Sanctifying the last week of Lent

Fra Angelico, a Dominican friar and Early Renaissance Italian painter, painted this depiction of the “Harrowing of Hell.” Photo courtesy of Father James Martin Nobles.

Many of us know the basics of Holy Week. So, what is so special about a few extra-long liturgies? I mean, we know how it ends. Right? NO. The Church does some interesting things during this most remarkable week. The Holy Week liturgies slow us down and give us a chance, once again, to cooperate with the grace of God.

Are you struggling to keep even the simplest of Lenten penances? It is not too late.

This week can still be holy, but you must participate and get in the boat. This is the week of all the weeks when you want to go to Mass every day. Each day of the Holy Week tries to teach us something about the mystery of the Passion. So, let’s talk about some of these essential lessons.

Palm Sunday of the Passion of the Lord: No, this is not just the Sunday whereby the Church gives you license to be distracted during Mass and make a cross out of your palm branch. What makes Palm Sunday so dramatic is the fast-paced shift from jubilation to condemnation. In one liturgy, the people of God proclaim “All Glory, Laud, and Honor to thee Redeemer King” at the beginning of Mass to the Gospel proclamation of “Crucify Him! Crucify Him! Crucify Him!” How often is this quick turnover – from grace into sin – the case in our lives? Does Jesus say anything back to us?

Holy Monday, Holy Tuesday and Holy Wednesday/Spy Wednesday: Many pass over these days when thinking about Holy Week, but these are not just a place holder but a bridge from the inside city of jubilation of Laud and Glory to outcast hills of fiery wrath that is the crucifixion. Recall how many times in the season of Ordinary Time Jesus repeatedly says these words, “Tell no one.” The events of these three days remind us why. Jesus returns to the scene of His crime, the raising of Lazarus (John 11). He knows that being only a few miles from Jerusalem would instill hostility. Yet, he still comes. Then, on Holy Tuesday and Holy Wednesday, we are reminded of the agent of Jesus’ betrayal, Judas. Tradition calls Wednesday of Holy Week “Spy Wednesday” because it marks the day when Judas went off to betray Jesus. Yet the plan to kill the Messiah began years before (John 11:53). How many times in the patterns of sin can you remember “the moment.” That moment when you choose to forget. What is Jesus’ response to your betrayal?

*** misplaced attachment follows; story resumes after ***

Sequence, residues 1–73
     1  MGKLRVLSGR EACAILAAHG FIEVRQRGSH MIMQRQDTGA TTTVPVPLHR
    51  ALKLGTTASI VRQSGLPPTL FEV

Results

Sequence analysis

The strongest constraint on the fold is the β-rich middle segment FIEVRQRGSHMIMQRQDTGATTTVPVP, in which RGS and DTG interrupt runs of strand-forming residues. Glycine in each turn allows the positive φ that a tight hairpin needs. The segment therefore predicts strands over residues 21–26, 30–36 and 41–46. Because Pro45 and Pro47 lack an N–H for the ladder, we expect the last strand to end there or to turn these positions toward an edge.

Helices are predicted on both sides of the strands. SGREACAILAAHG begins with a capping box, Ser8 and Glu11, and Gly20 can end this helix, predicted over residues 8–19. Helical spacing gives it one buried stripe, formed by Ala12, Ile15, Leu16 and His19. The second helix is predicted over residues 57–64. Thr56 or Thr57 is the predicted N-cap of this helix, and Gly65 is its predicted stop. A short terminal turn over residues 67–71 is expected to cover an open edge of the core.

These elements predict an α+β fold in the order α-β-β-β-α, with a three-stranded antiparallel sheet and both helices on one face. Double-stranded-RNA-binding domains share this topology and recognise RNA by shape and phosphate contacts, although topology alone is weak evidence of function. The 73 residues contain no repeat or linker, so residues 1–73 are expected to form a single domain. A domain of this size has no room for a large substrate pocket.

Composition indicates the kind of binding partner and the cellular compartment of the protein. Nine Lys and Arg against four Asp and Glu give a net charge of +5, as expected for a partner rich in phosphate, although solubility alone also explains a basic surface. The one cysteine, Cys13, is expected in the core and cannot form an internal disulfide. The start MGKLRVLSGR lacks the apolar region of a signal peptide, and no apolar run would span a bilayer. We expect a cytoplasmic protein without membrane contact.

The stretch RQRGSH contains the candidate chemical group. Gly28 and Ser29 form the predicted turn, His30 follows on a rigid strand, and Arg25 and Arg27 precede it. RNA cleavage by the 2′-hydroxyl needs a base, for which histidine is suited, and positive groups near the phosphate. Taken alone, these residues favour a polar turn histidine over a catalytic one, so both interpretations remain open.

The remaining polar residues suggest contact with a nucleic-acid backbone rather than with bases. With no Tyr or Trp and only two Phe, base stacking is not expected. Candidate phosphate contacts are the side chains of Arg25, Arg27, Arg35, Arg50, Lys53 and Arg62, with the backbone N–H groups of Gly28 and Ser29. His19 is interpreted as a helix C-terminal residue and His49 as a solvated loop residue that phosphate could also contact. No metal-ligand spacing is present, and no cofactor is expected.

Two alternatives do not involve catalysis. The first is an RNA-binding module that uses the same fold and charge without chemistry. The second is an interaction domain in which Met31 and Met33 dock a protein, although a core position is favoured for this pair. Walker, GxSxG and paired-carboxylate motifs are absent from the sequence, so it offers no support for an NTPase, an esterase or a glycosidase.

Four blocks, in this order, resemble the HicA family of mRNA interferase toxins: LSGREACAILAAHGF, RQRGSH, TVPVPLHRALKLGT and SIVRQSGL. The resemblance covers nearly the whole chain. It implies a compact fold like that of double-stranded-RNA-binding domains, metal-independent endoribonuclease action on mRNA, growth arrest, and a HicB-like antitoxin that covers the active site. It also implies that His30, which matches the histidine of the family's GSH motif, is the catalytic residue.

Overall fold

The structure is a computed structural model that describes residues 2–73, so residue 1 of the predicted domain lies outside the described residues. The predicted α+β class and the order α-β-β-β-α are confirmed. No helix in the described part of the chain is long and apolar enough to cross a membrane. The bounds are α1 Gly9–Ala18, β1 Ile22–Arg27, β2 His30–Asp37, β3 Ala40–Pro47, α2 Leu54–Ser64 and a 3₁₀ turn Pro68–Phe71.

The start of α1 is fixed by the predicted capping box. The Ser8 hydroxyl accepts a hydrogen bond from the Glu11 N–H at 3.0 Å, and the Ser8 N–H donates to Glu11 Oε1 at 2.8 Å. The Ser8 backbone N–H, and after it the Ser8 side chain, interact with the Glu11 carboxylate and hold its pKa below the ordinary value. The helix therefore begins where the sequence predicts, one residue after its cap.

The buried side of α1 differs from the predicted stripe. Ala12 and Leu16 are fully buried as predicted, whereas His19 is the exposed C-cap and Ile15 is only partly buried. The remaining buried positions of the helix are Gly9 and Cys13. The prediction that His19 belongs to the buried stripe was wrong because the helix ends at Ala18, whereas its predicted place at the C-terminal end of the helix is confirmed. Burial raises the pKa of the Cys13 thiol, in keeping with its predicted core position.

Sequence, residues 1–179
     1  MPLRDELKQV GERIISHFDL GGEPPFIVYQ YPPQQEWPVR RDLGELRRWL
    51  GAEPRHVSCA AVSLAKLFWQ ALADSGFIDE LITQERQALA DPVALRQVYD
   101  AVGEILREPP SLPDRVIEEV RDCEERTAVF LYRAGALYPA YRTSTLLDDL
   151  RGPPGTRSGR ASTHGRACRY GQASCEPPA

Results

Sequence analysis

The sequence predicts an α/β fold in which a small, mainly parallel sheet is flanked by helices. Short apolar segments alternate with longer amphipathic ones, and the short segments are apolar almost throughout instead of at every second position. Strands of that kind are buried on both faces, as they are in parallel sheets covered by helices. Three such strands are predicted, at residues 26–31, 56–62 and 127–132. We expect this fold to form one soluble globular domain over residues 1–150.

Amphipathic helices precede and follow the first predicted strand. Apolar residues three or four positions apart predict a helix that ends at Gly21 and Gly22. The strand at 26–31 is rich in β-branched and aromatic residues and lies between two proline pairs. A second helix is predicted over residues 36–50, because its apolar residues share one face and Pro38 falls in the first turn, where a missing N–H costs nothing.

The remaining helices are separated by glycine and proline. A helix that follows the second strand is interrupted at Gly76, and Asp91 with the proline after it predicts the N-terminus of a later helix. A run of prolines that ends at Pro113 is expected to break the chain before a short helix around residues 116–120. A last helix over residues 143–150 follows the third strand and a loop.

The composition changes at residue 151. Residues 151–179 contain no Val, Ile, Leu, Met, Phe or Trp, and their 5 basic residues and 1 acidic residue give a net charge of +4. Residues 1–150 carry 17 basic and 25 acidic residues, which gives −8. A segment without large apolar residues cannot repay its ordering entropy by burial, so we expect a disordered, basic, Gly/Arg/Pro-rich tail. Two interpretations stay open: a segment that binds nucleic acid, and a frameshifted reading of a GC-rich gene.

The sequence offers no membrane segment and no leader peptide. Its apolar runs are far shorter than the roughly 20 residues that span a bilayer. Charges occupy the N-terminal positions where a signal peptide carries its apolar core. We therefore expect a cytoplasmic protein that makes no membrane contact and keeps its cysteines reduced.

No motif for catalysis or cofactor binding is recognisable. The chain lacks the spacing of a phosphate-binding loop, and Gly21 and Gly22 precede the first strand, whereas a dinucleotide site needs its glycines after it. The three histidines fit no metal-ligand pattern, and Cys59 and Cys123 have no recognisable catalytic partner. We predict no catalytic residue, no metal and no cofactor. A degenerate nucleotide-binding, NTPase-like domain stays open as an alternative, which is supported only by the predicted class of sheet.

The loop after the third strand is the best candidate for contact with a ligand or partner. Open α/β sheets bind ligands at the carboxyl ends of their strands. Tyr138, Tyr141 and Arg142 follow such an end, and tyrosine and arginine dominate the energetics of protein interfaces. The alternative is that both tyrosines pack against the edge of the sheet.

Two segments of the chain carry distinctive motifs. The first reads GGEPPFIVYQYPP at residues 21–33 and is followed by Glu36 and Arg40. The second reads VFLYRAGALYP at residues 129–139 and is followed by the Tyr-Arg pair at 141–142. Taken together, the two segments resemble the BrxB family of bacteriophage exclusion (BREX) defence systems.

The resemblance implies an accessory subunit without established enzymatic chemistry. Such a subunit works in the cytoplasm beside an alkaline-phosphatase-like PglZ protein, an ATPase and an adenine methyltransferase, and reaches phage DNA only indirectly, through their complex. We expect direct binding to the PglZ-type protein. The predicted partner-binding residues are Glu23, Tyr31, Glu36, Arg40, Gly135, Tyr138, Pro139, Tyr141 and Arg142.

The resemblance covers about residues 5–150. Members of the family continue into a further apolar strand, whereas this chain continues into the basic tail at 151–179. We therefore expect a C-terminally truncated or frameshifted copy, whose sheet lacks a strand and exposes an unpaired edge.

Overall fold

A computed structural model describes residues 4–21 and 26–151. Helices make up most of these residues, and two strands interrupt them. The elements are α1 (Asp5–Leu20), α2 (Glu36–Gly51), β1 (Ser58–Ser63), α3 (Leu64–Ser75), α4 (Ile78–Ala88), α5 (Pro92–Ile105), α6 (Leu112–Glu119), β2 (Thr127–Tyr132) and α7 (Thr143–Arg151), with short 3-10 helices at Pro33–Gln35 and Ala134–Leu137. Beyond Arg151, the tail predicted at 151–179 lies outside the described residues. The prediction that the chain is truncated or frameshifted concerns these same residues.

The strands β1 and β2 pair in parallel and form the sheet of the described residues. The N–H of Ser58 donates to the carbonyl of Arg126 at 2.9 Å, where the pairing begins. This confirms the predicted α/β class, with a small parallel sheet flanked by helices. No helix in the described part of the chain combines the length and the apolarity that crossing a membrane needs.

Holy Thursday: This day celebrates two sacramental mysteries in the Church, the Holy Eucharist and the Priesthood of Jesus Christ. What connects these two sacraments is the recognition of how Christ still operates as the chief priest of the Church. Christ’s sacrifice, therefore, is not a fact of history but the animating principle of the Church. His sacrifice continues to give life to the Church, feeding the Church with His Body and His Blood and guiding the Church through His priesthood and its participating agents. This system may appear fragile to onlookers, but attending this liturgy reminds the faithful of the strength of Christ’s Church. How often do we forget that the Church is sustained not by personality or human power but by the power and authority of God? What does Jesus want to remind you about His authority?

Good Friday: The tabernacle is empty. The music is silent. The decorations are stripped. The liturgy is not even a Mass but a “service.” Yet, millions of Catholics around the world come. Why?

Good Friday is a great reset for our souls, especially those who feel lukewarm. Catholics typically love this day because the Church permits us to liturgically wallow in our sorrow. Yet, we are sorrowful not just for what we have done or not done. We are sorrowful because we finally get it. Our sins have an effect not just on us but on the whole world. How often do you forget that your sins have a communal impact on the Body of Christ? What does Jesus do to mitigate this effect?

Easter Vigil, The Mother of all Liturgies: How unfortunate it is in modernity when the length of time of this Mass is the most known fact about this liturgy. These rites and customs of the Vigil bring back the liturgical life of the Church. Darkness is overcome with blessed fire. Holy Water gushes forth like Living Water toward the baptized. Silence is broken with the full proclamation of the History of Salvation. There is no way I can fully describe what this liturgy can do for your spiritual life. However, if you are moved, I invite you to come and see the works of God, awesome deeds before the children of Adam (Psalms 66:5). How often do we give our Lord a chance to change our mourning into dancing and bring us back to life again? What miracles does Jesus hope to do for you this Easter?


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